Since Raz is getting quite busy with marriage preparations, I’ve found a new tutor. A supplementary tutor, if you will, so if Raz cancels I still get my weekly Kurdish fix. His name is Sarmad, and we’re meeting twice a week to have conversation classes. Strictly speaking, it’s not proper for an unrelated or unmarried couple to meet one-on-one, but screw it, I am going to be fluent in Kurdish by the time I leave Kurdistan or so help me.
A note on Kurdish dating: although it depends on the family, dating is really not allowed. For a woman and man to meet without an escort is forbidden, unless they are related or already married. When my friend Betsy (the septuagenarian firecracker) and I are meeting for coffee and one of our male friends comes over to join us, Betsy will joke that she’s our escort and protecting me and the male friend from ayba (shame, dishonor).
So how do young Kurds get around this dating prohibition? Simply by saying they’re brother and sister. If they go to Azadi Park and a stranger or an Asaish officer confronts them about dating, the couple will lie and say they’re related. That way, they don’t need an escort.
Unless, of course, they’re seen by someone they know. And, I’ve been told, that’s a big reason for honor killings here. Couples are often killed and/or disowned for dating before marriage. I’ve heard of a couple who were both killed after they’d gotten married because their families found out they were dating each other before marriage.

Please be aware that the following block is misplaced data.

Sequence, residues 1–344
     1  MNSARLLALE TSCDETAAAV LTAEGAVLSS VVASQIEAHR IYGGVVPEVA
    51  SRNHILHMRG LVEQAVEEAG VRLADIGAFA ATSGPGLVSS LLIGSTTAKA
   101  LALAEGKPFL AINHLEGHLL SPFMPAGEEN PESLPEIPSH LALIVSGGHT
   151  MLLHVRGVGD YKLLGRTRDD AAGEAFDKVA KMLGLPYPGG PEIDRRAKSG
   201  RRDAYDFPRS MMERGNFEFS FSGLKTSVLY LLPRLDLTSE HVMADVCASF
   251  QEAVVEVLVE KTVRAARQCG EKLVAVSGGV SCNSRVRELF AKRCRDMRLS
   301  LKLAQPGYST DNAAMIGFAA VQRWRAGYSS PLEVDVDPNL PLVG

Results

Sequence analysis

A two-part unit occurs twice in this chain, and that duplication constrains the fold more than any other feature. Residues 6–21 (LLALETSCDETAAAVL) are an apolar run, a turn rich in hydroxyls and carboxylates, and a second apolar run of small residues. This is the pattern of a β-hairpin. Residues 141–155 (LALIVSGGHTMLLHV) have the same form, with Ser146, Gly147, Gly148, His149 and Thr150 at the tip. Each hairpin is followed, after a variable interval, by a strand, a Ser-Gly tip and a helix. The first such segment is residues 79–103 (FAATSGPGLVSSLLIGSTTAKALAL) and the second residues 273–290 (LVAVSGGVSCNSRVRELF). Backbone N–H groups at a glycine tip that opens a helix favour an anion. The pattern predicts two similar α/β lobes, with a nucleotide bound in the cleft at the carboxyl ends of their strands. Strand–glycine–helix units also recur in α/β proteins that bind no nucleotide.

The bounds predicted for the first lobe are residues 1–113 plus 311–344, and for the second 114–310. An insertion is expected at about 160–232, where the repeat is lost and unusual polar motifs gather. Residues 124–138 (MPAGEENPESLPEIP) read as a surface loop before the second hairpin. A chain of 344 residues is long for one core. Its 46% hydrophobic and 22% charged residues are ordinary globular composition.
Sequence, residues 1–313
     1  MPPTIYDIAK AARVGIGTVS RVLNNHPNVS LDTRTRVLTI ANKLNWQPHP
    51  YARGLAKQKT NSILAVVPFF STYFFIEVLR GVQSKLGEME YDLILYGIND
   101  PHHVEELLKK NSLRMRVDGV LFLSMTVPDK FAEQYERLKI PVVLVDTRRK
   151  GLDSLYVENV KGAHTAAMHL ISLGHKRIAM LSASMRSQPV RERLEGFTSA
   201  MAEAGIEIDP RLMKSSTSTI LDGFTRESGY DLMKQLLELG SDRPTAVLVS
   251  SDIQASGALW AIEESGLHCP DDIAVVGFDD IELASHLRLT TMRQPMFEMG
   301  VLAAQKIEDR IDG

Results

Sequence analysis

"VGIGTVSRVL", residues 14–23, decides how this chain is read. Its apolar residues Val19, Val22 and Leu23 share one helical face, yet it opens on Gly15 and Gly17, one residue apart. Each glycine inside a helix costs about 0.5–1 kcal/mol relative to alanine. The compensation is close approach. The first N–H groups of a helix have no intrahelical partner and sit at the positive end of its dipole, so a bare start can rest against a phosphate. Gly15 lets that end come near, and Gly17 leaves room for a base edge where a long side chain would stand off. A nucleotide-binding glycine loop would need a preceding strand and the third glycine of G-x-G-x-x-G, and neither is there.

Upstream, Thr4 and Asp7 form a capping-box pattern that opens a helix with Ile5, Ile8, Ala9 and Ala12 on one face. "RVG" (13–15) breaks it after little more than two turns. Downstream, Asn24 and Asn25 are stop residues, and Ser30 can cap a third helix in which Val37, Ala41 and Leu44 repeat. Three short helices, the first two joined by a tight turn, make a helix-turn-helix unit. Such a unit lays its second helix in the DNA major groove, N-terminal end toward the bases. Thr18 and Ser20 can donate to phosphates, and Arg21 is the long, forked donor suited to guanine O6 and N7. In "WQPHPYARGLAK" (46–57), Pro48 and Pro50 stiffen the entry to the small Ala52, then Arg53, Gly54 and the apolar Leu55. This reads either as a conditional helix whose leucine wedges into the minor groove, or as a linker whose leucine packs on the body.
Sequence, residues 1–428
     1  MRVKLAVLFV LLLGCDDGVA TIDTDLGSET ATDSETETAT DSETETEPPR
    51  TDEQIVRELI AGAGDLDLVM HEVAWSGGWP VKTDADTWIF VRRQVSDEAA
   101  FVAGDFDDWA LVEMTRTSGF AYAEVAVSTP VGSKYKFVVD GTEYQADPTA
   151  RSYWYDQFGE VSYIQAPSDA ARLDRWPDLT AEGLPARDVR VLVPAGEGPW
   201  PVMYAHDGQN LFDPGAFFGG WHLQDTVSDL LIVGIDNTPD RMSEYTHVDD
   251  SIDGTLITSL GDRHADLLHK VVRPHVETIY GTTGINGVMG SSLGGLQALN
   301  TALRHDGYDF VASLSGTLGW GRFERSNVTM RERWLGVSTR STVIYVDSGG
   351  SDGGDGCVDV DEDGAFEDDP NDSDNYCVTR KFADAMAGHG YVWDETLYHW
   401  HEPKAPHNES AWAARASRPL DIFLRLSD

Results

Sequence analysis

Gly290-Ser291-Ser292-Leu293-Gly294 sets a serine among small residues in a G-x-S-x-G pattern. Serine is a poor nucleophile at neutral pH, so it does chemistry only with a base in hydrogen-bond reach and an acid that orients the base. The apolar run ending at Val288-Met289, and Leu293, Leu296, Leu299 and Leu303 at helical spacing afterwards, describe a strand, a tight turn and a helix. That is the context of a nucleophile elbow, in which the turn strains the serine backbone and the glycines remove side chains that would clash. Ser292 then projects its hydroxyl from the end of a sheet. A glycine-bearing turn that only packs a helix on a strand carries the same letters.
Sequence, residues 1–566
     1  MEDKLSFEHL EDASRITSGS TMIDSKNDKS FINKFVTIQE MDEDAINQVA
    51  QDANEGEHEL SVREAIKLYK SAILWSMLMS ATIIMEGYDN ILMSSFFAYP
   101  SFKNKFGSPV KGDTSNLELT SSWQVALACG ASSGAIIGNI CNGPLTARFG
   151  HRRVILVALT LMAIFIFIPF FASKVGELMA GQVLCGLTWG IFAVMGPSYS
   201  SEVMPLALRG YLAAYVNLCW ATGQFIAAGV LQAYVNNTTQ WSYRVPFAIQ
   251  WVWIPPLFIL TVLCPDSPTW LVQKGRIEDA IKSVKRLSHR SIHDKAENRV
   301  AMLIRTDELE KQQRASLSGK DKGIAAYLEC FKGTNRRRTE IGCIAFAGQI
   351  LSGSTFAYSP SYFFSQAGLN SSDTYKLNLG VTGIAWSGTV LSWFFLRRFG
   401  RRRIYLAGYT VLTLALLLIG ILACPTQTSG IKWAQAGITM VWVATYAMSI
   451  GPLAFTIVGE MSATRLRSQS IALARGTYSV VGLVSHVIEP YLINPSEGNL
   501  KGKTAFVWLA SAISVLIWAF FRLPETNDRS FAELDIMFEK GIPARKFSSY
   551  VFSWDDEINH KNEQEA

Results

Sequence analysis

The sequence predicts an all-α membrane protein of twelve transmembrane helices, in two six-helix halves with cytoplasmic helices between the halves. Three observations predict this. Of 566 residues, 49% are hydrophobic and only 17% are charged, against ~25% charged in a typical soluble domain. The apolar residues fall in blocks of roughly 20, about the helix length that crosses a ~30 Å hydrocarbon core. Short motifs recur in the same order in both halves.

But the ayba is mostly placed upon the woman’s shoulders. At expat-Kurdish parties, all the Kurds are men. Men can go sow their oats, drink alcohol, etc, and most of the time this goes without penalty. But it’s much more important that a woman stay pure. A man can gets some scuffs and scratches, but if a woman’s reputation is dinged then that’s usually it for her.
But back to Kurdish: I’m confident that I can be quite competent by the time I leave. I met with Sarmad, who’s a fellow language fanatic, and he told me I know more than any of his other students, and that as long as I converse a lot and get the verbs down, I’m golden. Eeee! It pays to try.
I’ve also been teaching myself how to read Kurdish, and I’m pretty good. I’m slow, but I can read. And write decently, too, although I often mix up the middle and end forms of a letter.
This all reminds me that, yes, it takes talent to learn a language, but more importantly it takes passion. The passion to practice reading Kurdish for an hour after a long, frustrating day teaching kindergarteners how to read English. The passion to recite the Kurdish numerals on every license plate I see. The passion to ask questions of anyone and write down everything I hear.
Totally worth it.